• Share
  • Email
  • Embed
  • Like
  • Save
  • Private Content
Social Media and Research
 

Social Media and Research

on

  • 436 views

Delivered by Scottish Government Librarians for University of Glasgow, Maurice Bloch Lecture Series

Delivered by Scottish Government Librarians for University of Glasgow, Maurice Bloch Lecture Series

Statistics

Views

Total Views
436
Views on SlideShare
436
Embed Views
0

Actions

Likes
0
Downloads
5
Comments
0

0 Embeds 0

No embeds

Accessibility

Categories

Upload Details

Uploaded via as Microsoft PowerPoint

Usage Rights

© All Rights Reserved

Report content

Flagged as inappropriate Flag as inappropriate
Flag as inappropriate

Select your reason for flagging this presentation as inappropriate.

Cancel
  • Full Name Full Name Comment goes here.
    Are you sure you want to
    Your message goes here
    Processing…
Post Comment
Edit your comment
  • Brief overview of what social media you can use as a researcher or academic. Audience is University of Glasgow, Institute of Health & Wellbeing, Maurice Bloch Lecture Series 2013 Presenters Morag Higgison ,Enquiries & Research Librarian, Jenny Foreman Information Literacy & Training Librarian, Scottish Government.
  • Although we ’re looking at various social media tools and platforms the Scottish Government does not endorse any
  • What is social media used for? collect and organise information share information find people talk to people collaborate (internally and externally) One of the most important things that researchers do is to find, use and disseminate information, and social media offers a range of tools which can facilitate this
  • Social media is all about sharing as you can see Universities are now using social media to engage internal and external communities directly. Have given universities an opportunity to speak to audiences, reaching thousands of people interested in keeping up to date with news on what ’s happening at the university We ’ll show you some examples.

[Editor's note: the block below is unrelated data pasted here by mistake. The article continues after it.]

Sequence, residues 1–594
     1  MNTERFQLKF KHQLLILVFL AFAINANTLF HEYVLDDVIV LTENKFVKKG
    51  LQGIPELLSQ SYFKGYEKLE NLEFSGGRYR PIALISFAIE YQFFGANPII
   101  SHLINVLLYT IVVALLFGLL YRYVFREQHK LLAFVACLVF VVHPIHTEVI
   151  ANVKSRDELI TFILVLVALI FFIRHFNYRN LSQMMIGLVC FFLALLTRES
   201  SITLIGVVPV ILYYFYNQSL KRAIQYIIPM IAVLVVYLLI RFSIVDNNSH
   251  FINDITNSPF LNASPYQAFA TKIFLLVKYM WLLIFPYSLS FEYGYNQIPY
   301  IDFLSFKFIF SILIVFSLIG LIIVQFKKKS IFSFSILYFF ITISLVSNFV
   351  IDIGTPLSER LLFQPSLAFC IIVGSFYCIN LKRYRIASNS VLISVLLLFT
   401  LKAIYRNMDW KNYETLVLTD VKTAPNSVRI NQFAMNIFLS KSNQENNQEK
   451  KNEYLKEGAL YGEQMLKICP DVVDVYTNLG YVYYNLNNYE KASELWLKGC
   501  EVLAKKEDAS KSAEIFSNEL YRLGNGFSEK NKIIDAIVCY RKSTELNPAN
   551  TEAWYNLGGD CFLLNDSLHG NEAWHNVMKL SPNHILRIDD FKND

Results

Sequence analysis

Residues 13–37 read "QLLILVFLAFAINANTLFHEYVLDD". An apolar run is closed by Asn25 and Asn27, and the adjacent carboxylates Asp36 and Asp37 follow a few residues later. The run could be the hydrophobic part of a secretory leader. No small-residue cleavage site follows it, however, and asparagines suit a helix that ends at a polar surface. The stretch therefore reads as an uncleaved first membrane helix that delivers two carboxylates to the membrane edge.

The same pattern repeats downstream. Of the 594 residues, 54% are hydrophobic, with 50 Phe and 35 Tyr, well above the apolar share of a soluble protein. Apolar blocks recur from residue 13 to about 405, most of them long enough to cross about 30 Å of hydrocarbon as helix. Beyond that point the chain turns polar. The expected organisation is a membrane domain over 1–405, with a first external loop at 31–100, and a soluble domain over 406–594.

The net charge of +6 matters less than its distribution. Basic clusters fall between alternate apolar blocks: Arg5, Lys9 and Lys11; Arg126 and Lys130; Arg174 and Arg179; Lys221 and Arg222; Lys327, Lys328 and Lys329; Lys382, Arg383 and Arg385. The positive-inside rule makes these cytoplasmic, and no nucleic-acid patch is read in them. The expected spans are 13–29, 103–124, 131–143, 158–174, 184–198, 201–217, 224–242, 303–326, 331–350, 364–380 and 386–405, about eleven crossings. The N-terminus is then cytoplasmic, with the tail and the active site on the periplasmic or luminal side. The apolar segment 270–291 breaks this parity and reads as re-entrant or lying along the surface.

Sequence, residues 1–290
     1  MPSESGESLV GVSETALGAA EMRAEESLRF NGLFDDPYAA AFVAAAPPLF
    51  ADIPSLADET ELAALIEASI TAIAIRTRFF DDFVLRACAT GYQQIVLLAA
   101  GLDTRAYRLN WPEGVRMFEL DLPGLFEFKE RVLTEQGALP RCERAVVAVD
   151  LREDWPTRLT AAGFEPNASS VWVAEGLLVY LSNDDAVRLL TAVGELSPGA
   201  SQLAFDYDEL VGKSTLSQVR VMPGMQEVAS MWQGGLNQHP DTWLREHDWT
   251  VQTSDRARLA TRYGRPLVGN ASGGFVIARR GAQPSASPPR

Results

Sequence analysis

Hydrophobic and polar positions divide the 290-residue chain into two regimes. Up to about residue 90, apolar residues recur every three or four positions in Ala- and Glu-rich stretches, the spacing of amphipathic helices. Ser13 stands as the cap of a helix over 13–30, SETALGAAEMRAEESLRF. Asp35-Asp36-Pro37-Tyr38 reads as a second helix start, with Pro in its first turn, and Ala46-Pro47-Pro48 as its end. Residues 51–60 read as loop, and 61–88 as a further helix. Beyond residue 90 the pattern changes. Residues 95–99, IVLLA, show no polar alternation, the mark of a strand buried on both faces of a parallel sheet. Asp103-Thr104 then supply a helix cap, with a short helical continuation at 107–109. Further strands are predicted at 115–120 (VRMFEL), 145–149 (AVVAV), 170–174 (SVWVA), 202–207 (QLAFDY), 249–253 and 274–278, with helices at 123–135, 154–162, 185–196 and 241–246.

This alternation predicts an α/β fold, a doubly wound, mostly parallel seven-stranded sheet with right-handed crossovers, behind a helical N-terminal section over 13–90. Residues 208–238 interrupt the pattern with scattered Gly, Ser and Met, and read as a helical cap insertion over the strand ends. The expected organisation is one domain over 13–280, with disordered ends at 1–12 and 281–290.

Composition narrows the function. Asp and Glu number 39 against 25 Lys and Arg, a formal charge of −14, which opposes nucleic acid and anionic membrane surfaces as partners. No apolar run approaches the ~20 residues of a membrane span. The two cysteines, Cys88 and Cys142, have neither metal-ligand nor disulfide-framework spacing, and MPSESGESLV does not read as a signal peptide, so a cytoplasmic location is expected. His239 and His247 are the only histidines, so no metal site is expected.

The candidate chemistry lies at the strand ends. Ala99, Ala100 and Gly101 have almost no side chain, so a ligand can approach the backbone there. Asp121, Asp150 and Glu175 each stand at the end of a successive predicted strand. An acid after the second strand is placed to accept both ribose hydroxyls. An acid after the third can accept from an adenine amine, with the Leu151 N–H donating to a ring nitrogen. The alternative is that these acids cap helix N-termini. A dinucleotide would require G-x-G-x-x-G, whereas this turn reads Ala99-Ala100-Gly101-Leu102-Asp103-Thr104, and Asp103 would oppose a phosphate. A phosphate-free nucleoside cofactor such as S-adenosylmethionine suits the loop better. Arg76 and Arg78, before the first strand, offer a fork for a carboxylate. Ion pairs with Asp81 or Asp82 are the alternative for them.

• .
  • Steph Gray, MD, Helpful Technology: digital engagement & social media crisis comms via @ socialsimulator devised this table to explain how we use social media to engage in government Former public sector head of digital. UKGovcamp co-organiser. London · http://www.helpfultechnology.com devised this table to explain how we use social media to engage in government.
  • Positives: • Researchers have always exchanged and disseminated information (though often not until published format) • Researchers already network in organisations, at conferences, via email • There are a great many social media tools which are free, easy to use and are just another means to do the same thing that you have already been doing, collaborating, engaging with others, sharing information etc • Can help inform every step of the research process • making data easier to share, verify and re-use - facilitating more open scientific practices • Provides feedback during research • A tool for building academic reputation
  • “ If you build it, will they come? How researchers perceive and use web 2.0” covers at the extent of adoption of social media in different subject fields and disciplines, and the different types of researchers who are using them. Also RIN “ Social Media: A guide for researchers ”
  • JISC? “We drive innovation in UK education and research, and have been doing so for more than 15 years. They are a registered charity and work on behalf of UK higher education, further education and skills to champion the use of digital technologies. Historically, JISC stood for Joint Information Systems Committee but over the last decade we have evolved and as a company we are now known as Jisc.”
  • Esther Barratt JISC RSC Wales. Esther Barratt works for JISC RSC Wales and supports the ACL and Voluntary Sector with Learning Using Technology. She is based at Swansea University, but spends a lot of time on the road. She loves technology and wishes she had known more about it when she was teaching in the community. Her PhD is about 'bilingual community learners and their attitudes around literacy and learning using technology.' She has been working on it for five years and it's all coming together. She should finish it in 2013 with luck, support and determination. @ estherbarrett on Twitter